Summary: Long-term exposure to pesticides can result in memory loss, anxiety, mood changes, and difficulty concentrating. Additionally, it can damage the immune system, making individuals more susceptible to infections and diseases.

5. Exposure to Pesticides, Herbicides, & Insecticides: Human Health Effects

Summary: Pesticides are associated with both short- and long-term health effects, including elevated cancer risks and potential disruption of the body’s endocrine system. Chronic exposure can lead to significant physiological and hormonal imbalances.

  • Reference: IFM

6. Health Effects of Pesticides – Wikipedia

Summary: Strong evidence exists for long-term negative health outcomes from pesticide exposure, including increased risks of cancers, neurodegenerative diseases, and reproductive disorders. The bioaccumulation of these chemicals poses ongoing risks.

7. Long- and Short-Term Health Effects of Pesticide Exposure: A Cohort Study

Summary: Long-term pesticide exposure is associated with abnormalities in nerve conduction, especially in sensory nerves. This can lead to chronic neurodegenerative conditions and impaired sensory functions.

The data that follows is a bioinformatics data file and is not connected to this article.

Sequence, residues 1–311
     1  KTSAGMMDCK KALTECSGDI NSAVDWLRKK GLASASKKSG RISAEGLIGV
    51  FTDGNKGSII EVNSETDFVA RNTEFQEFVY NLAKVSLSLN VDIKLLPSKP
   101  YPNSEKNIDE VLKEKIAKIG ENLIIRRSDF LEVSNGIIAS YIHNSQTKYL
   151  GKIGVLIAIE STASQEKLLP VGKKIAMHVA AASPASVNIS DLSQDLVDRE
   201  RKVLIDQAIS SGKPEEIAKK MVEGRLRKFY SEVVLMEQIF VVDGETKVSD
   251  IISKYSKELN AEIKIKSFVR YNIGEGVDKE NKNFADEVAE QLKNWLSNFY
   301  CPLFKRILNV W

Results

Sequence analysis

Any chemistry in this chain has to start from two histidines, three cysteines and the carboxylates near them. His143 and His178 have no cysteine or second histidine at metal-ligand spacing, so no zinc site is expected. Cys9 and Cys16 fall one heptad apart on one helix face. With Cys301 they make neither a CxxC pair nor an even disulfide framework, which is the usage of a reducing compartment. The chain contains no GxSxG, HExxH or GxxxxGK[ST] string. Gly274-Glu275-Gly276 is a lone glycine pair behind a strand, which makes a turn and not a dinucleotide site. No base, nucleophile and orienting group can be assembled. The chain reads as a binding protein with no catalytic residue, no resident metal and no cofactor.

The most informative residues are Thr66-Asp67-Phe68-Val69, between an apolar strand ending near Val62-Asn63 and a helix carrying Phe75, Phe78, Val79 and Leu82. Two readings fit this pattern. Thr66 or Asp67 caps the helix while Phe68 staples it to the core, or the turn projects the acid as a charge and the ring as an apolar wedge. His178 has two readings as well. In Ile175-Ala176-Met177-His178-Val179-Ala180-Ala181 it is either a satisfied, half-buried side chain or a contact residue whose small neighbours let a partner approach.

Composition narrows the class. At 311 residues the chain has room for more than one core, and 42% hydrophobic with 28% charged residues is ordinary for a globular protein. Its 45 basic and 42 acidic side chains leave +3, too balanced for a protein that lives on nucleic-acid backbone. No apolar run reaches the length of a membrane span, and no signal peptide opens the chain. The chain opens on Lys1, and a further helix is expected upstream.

8. Health Effects from Pesticide Exposure – AAFP

Summary: Chronic, low-level pesticide exposure is linked to significant health risks, including carcinogenicity, mutagenicity, neurotoxicity, and reproductive toxicity. These effects can manifest over extended periods, highlighting the insidious nature of pesticide-related health issues.

Conclusion

The cumulative evidence from these studies indicates that long-term exposure to pesticides can lead to severe health issues, including various cancers, neurodegenerative diseases, reproductive disorders, and hormonal disruptions. These findings underscore the importance of minimizing pesticide exposure and adopting safer agricultural practices to protect public health.

Can't I just use water to rinse my produce?

While rinsing fruits and vegetables with water is a common practice, it may not be sufficient to remove all pesticide residues or pathogens. Numerous studies have shown that water alone is often inadequate for effectively eliminating these contaminants.

Ineffectiveness of Water Alone

  1. Limited Removal of Pesticides:
    • Study: “Potential Health Effects of Pesticides – Penn State Extension”
    • Findings: Rinsing with water removes only some surface residues and does not effectively reduce pesticide levels. Pesticides that have penetrated the skin or adhered strongly to the surface are not significantly diminished by water alone.
    • Reference: Penn State Extension
  2. Inefficiency Against Pathogens:
    • Study: “Inactivation of foodborne pathogens on the surface of tomatoes by electrolyzed oxidizing water” (Kim, C., Hung, Y.C., and Brackett, R.E., Journal of Food Protection, 2000)
    • Findings: Pathogens like Escherichia coli O157:H7 and Salmonella spp. are not effectively removed by rinsing with water. In contrast, electrolyzed oxidizing (EO) water achieved reductions of E. coli O157:H7 by 98.7% and Salmonella spp. by 99.1% within 10 minutes.